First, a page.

Mass Extinction Event Came From Below, Not Above

(CN) – Geologists have uncovered evidence that the largest extinction event in the history of planet Earth was an inside job.

Rather than asteroids hitting Earth and killing a majority of the planet’s terrestrial and marine life during the Permian extinction event, a new paper written by three scientists and published in Nature Communications on Monday argues that new clues unearthed in Siberia demonstrate the abrupt intrusion of igneous rock onto the earth’s surface and the changes to the climate it brought triggered widespread extinction.

“There have been five major mass extinctions since life originated on Earth more than 600 million years ago,” said Seth Burgess, lead author of the study and a geologist at the U.S. Geological Survey who explores the nexus of volcanic and tectonic processes. “Most of these events have been blamed, at various times, on volcanic eruptions and asteroids impacts. By reexamining the timing and connection between … the movement of magma, climate change and extinction, we’ve created a model that explains what triggered the end-Permian mass extinction.”

The study – co-written by James Muirhead, researcher with the Syracuse University Department of Earth Sciences and Samuel Bowring, geologist at the Massachusetts Institute of Technology – explored an igneous province in Russia known as the Siberian Traps. Encompassing an area of approximately 500,000 square miles, the rocky outpost serves as a record for more than a million years of volcanic activity.

Unlike the tall cone-like volcanoes, these were broad and flat and abetted the flow of significant volumes of lava and the release of copious amounts of gases like sulfur dioxide, carbon dioxide and methane which altered the climate enough to trigger the extinction event.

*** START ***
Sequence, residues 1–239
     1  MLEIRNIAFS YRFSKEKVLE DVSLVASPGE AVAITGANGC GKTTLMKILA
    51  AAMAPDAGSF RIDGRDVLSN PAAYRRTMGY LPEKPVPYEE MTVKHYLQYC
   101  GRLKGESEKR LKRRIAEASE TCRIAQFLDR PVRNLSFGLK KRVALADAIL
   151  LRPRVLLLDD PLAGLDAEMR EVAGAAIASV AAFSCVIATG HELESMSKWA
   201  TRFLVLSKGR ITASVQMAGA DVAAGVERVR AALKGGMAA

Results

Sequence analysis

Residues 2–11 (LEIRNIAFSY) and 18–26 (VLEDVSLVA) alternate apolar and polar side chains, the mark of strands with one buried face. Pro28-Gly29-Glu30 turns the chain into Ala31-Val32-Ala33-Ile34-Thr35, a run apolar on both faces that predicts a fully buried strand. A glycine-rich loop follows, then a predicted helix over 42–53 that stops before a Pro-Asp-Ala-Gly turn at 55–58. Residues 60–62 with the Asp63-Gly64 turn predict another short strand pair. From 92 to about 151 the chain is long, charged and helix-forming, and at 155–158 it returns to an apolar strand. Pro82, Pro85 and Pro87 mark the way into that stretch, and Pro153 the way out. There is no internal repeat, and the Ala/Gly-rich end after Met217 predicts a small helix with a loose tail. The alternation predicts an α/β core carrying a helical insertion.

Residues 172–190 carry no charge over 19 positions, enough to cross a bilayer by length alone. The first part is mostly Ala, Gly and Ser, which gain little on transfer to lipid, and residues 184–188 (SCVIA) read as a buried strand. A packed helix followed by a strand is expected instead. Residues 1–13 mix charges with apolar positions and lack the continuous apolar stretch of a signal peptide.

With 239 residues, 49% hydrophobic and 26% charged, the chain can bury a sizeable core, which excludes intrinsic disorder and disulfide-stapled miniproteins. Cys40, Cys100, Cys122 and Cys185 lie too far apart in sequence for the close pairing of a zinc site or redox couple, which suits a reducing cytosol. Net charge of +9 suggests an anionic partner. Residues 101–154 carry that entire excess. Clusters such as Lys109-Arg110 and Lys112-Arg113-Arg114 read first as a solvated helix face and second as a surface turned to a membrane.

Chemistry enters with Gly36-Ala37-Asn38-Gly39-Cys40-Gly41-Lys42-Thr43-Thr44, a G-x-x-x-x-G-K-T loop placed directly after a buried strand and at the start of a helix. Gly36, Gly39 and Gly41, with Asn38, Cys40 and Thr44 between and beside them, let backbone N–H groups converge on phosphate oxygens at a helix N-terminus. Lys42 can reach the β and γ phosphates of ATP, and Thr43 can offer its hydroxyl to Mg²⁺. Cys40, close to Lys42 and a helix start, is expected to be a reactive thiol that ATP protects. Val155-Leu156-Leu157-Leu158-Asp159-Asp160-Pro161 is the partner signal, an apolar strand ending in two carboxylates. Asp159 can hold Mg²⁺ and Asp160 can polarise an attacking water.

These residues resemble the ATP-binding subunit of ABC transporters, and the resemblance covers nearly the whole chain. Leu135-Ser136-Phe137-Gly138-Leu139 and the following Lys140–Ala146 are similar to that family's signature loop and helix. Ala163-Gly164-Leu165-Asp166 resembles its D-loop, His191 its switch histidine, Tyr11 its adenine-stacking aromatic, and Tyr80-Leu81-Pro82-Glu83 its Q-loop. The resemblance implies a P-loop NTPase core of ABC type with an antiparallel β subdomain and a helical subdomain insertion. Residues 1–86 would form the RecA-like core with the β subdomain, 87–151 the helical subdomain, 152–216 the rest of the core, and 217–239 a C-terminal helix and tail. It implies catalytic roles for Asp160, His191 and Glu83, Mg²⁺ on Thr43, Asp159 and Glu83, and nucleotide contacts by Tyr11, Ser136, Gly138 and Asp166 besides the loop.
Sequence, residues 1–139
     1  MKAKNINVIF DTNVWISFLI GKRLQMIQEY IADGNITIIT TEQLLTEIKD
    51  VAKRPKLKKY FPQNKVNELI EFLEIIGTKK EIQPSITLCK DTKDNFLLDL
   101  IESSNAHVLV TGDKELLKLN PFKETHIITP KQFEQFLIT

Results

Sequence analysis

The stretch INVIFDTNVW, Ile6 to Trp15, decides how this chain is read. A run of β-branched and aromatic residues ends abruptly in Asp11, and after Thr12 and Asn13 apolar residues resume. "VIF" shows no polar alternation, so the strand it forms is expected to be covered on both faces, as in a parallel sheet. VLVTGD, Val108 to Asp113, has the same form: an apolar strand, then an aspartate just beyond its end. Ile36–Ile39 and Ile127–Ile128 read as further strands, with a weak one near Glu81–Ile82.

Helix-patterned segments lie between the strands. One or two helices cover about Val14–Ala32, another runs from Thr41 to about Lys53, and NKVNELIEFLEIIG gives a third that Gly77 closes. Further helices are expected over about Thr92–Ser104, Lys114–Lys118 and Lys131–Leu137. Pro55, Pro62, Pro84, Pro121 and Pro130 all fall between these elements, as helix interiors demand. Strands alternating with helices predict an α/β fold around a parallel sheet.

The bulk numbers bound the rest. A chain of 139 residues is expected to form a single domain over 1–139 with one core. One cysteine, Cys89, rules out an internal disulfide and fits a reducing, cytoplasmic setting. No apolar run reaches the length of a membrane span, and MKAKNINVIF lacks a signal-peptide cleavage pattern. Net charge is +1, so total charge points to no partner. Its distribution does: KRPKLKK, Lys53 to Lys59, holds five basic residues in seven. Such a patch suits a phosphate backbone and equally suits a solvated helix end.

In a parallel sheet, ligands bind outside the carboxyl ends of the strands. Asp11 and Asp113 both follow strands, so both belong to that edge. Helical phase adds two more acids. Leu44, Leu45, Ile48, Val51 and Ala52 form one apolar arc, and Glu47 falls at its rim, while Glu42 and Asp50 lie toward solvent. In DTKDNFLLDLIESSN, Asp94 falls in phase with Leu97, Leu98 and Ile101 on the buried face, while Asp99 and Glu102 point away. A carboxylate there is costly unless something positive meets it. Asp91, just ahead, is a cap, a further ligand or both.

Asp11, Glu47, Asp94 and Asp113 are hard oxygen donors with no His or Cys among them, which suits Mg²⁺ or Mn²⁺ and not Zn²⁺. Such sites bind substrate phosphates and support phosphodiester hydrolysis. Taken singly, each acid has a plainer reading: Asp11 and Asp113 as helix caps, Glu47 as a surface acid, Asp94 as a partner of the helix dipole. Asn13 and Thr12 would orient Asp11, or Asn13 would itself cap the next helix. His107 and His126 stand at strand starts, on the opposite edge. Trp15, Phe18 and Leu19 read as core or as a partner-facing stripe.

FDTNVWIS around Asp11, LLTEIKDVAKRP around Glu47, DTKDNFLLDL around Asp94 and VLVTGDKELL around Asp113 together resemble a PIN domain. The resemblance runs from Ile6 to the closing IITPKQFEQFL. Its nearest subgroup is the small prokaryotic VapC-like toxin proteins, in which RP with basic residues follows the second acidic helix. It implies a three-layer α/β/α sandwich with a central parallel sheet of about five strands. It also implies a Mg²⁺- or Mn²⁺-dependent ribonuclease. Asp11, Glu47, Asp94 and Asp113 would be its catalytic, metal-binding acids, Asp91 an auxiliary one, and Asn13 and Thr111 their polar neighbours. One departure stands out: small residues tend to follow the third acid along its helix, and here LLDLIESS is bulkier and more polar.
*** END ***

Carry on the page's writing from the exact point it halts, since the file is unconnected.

The Permian extinction was massive, eradicating 96 percent of the Earth’s marine species and 70 percent of its terrestrial species. It was the only one of Earth’s five extinction events that resulted in a mass extinction of insects.

Researchers say advancements in pinpointing the time of the extinction event and its relation to geologic events led to a fuller understanding of how volcanoes played a role.

“Our model is based on new, high-resolution age data that suggests surface lava flows erupted too early to drive mass extinction,” Muirhead said. “Instead, there was a subinterval of magmatism – a shorter, particular part of the LIP – that triggered a cascade of events causing mass extinction.”

In other words, the subterranean flow of magma in the area gave off an extreme heat and formed sills, or layers of intrusive igneous rock that broke the surface bearing an array of harmful gases.

“Heat from sills exposed untapped, gas-rich sediments to contact metamorphism thus liberating the massive greenhouse gas volumes needed to drive extinction,” Muirhead said.

Metamorphism is the process by which rock minerals are altered due to exposure to extreme heat or pressure.

“Our model links the onset of extinction with the initial pulse of sill emplacement,” Muirhead said. “It represents a critical juncture in the evolution of life on Earth.”

It also argues for an alternative theory to extinction events being driven primarily by external events, such as asteroid impacts.

There are two ways magma forms. The first, more popularly known and decidedly more spectacular, is extrusion, whereby magma is thrown to the Earth’s surface by a volcanic eruption. The other, lesser known method, is called intrusion, where magma settles between layers of already formed rock.

Common types of intrusion are sills, dikes and batholiths.

The sills in Siberia, where the research was conducted, pushed through layers of limestone, coal and clastic rocks. The mixture of magma and the hydrocarbon-bearing coals in the sedimentary layers is what set the stage for the massive greenhouse gas release and a global-scale climate change event that nearly wiped out all vestiges of life from earth, according to the study.

“Mass extinction can take 10,000 years or less – the blink of an eye, by geological standards – but its effects on the evolutionary trajectory of life are still observable today,” Burgess said.

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